BIO 203



Australia is known for having many lethal animals, which makes the Carukia barnesi right at home in the land down under! The Irukandji are native to Australia's marine environment. They inhabit the northern, costal waters from Broome on the western side to Rockhampton on the eastern side (Kingsford, et. al 2012). The Great Barrier Reef, larger cities, and tourist attractions (such as Cairns, Whitsunday Islands, and Mackay), are included in this region. The map below displays these cities and landmarks.

Wikimedia Commons: Cookaa

Carukia barnesi typically inhabit deeper waters (between 10-20 meters/33-66 feet) farther off-shore (Ruzi and Patel 2012). This is considered the Irukandji's niche. A niche is a temporal or geographical position or location in which an organism commonly resides due to competition for food and/or space, availability of food, or to avoid/exist with other organisms. C. barnesi most likely remains at this depth because another box jellyfish, Chironex fleckeri, inhabits the same regional waters, only closer to the surface. However, Irukandjis have been found at the water's surface and closer to shore due to the currents washing them to shallow waters and beaches. 

Map made by Kelsey Lyons


Between December and February in 2007-2008, 2008-2009, and 2009-2010, Kingsford, Seymour, and O’Callahgan observed the abundance patterns of cubozoans in the Great Barrier Reef area. Over the three years, they collected, identified, and then released jellyfish directly offshore, in bays, next to islands, and around the reefs both during the day and at night. Carukia barnesi was included in the 40-50 cubozoan species for which they collected data. Their findings state that the Irukandji were most frequently found in groups around islands with high concentrations of granite, such as Lizard Island (on the map above). It is unknown why this occurs and more censuses must be taken to ensure that this data is reliable regarding the places of frequency and variables than can alter the abundance of these jellies. Different variables that can affect this habitat can be found on the bottom of this page.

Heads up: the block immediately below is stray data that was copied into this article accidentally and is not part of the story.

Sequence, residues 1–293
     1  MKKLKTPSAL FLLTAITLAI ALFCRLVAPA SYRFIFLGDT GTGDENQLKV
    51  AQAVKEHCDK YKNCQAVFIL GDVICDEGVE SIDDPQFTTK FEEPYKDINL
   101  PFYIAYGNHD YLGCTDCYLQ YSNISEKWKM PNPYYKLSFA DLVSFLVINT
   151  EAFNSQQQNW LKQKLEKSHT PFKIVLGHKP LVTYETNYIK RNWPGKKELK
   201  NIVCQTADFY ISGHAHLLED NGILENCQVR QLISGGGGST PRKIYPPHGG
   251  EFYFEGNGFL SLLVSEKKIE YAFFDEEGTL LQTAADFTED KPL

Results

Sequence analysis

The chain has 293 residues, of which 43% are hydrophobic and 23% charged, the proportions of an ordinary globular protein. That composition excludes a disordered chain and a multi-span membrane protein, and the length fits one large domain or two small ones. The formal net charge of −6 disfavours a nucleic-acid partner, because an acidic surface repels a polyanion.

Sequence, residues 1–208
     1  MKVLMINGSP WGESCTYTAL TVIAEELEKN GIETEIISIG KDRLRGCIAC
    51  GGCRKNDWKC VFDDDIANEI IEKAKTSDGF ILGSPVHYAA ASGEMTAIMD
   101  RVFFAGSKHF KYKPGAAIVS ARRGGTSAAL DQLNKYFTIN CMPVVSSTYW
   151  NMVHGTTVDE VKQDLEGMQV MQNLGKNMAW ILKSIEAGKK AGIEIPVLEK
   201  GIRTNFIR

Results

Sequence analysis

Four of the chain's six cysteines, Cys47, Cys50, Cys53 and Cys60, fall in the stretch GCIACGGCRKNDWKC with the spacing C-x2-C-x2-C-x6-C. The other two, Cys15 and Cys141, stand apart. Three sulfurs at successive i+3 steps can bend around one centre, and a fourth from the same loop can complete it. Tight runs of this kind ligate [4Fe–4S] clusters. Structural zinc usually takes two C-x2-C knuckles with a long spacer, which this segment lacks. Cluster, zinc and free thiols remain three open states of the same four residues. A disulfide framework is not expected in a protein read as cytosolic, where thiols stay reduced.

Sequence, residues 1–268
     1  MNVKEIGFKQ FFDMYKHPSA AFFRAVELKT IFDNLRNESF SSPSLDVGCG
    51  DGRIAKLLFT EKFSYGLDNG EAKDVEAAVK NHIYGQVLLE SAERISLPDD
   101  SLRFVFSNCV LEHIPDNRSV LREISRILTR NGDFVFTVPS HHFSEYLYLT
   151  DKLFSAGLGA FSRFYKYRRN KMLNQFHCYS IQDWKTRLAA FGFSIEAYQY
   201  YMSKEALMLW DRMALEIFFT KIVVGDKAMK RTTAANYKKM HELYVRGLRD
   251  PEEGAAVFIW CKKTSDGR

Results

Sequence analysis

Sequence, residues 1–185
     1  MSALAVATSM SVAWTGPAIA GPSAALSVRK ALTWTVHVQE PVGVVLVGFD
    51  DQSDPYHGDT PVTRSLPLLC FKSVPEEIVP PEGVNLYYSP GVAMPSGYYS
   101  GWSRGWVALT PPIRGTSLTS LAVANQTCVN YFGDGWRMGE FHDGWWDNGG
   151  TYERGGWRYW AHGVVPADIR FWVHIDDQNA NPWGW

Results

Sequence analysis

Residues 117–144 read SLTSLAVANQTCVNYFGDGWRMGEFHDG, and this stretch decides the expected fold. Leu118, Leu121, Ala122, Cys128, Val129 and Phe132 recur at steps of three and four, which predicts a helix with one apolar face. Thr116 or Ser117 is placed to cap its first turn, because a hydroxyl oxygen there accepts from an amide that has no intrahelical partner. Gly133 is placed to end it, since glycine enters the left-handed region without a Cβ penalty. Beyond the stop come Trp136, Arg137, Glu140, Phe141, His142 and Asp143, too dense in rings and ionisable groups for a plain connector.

This region is a very diverse and amazing habitat. Along with Carukia barnesi, the Great Barrier Reef alone has 1,500 tropical fish species, 400 coral species, and 20 reptile species.  Also, an incredible 10% of the entire world’s fish population inhabits the Reef (Quicksilver 2013).  

Wikimedia Commons User: Richard Ling


Some factors that affect the Irukandji's home include sunlight, temperature, rainfall, and salinity. This costal/reef biome is characterized by a large amount of sunlight and consists of only two seasons:

    May-October: Warm temperature with little rainfall
    November-April: High temperature with a lot of rainfall

The water temperature ranges from an average of 23C (73.4F) in July to an average of 29C (84.2F) in February (Travel Online 2013).

Salinity if a major factor in the reef habitats and averages 35 parts/1000 in northern Australian waters (Kohli 2013). If the salinity abruptly changes, usually due to extreme rainfall or flooding from fresh bodies of water, many marine organisms can be negatively impacted (Great Barrier Reef Marine Park Authority 2009)


                                    Next stop: Adaptation



Last Updated: April 26, 2013

Wikimedia Commons: Peter Southwood Wikimedia Commons: GondwanaGirl Wikimedia Commons: Zaneta Nemcokova